Are EVs really good for the environment?
Electric Vehicles, or “EVs” as they are more popularly called, are vehicles that run on electricity. Basically, they are battery powered vehicles. This battery is a rechargeable one and can be charged at any charging point. Since the time they have been introduced, they have had an inherent “clean” label attached to them, owing to minimal emissions.
Sceptics have had them under scrutiny from the very beginning. There are a lot of questions being asked, and a great amount of criticism which they have had to face over the years. One of the major reasons given by sceptics pointing out that EVs are harmful to the environment is that the rechargeable batteries, while being manufactured, do indeed cause a lot of pollution through the processes they follow for the same. There is a limited list of rare earth metals that make up the battery, and the extraction and manipulation of these metals can contribute to carbon emissions. Using good infrastructure and efficient manufacturing techniques are the keys to reducing emissions during production. The important point to be noted here is that while it is true that the batteries, while being manufactured, contribute to a lot of emissions (approximately 60% more than that in case of a battery that is used for regular), another thing which is true is that these, when used better manufacturing techniques, could cut emissions by upto 66%. Basically meaning to say, that the pollution due to extraction processes and production of batteries is at par with, or only slightly more than that in case of regular engines.
The major point to be noted here is that even if their manufacturing processes wouldn’t have been efficient, the greenhouse gas emissions associated with an electric vehicle over its lifetime are typically less than those from a regular petrol/diesel powered vehicle, even when manufacturing has been accounted for! Over the entire duration for which the vehicle is active, total GHG emissions associated with manufacturing, charging, and driving an EV are much lesser than those associated with driving a regular car, majorly because EVs have zero tailpipe emissions and are typically responsible for significantly fewer GHGs during operation.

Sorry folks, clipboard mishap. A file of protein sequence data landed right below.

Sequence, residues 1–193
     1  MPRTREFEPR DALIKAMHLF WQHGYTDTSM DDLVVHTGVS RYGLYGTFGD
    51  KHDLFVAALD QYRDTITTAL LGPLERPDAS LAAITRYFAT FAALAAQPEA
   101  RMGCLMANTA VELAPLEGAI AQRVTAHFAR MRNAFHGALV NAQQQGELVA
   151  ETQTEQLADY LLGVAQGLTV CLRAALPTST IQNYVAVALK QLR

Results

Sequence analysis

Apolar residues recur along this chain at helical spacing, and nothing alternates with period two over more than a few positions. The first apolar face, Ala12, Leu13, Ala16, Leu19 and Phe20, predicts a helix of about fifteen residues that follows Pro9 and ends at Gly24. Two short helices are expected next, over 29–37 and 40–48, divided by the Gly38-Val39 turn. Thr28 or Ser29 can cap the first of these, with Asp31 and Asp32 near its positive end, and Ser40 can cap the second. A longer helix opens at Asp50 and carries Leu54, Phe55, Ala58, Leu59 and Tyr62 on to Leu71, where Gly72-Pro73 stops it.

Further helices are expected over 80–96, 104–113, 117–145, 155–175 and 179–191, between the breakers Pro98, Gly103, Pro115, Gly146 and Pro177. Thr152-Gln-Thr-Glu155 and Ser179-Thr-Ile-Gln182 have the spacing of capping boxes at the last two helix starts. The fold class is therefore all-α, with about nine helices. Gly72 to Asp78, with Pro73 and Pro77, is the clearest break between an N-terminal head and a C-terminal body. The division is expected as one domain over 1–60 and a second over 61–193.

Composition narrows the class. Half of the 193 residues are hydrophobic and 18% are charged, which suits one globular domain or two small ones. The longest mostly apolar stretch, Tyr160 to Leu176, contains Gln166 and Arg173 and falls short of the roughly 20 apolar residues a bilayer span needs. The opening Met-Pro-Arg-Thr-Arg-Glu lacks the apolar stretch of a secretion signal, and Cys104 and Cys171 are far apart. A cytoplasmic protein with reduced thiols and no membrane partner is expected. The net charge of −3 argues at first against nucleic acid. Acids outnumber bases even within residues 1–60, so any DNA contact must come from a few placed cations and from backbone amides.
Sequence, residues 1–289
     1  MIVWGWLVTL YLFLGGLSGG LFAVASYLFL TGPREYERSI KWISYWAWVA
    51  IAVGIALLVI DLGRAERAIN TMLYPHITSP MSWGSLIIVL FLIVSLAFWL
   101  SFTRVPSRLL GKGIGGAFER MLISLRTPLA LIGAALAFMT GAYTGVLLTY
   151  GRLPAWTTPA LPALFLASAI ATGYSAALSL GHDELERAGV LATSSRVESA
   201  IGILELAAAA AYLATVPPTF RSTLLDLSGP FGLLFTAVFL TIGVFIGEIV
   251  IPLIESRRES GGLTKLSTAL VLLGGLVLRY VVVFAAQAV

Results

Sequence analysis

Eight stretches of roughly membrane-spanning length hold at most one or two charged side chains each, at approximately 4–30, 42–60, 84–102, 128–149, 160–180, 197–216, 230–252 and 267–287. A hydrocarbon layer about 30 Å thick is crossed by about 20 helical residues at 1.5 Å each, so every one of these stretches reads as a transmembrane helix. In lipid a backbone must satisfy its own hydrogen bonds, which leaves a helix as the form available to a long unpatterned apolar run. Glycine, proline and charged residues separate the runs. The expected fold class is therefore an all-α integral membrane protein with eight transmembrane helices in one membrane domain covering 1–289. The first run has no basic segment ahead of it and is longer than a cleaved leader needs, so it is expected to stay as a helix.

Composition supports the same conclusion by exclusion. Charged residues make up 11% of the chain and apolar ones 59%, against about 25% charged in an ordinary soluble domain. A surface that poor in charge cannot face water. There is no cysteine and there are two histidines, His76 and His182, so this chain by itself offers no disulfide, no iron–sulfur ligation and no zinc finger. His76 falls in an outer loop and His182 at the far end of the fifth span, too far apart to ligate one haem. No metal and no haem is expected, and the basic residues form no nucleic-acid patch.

Recycling EV batteries can further reduce the emissions associated with making an EV by reducing the need for new materials, therefore lessening the reliance on mining and production of new batteries.
Hence meaning that, take into account the more efficient manufacturing processes being used, and EVs shall be presented as mankind moving one step towards Utopia.
Now, the one problem, the hindrance which people might face which might make them apprehensive about switching to EVs is that there is a common perception amongst the people that there is a lack of electricity sources- the charging points. It is, however, argued that an electric vehicle charged on an exclusively coal-powered grid would reach similar carbon emissions performance as an ICEV (internal combustion engine vehicle) – making EVs more effective over their respective lifetimes.
EVs can be plugged into the same type of outlet as an electric kettle! While on the road, there are a lot of stations available to the public for the same purpose.
In conclusion, apart from the facts that EV range (travel capacity) is more than enough for typical daily use, EVs come in a variety of shapes and sizes, and that they must meet the same safety standards as conventional vehicles, it is also true that overall emissions of EVs during their entire lifetime is much lesser than those for conventional vehicles, even when sceptical remarks about the emissions produced while manufacturing the battery are taken into account, and even those processes can be optimised for the most eco-friendly scenario, which finally answers the question that yes, EVs really are good for the environment.
BTech Electrical Engineering IIT Mandi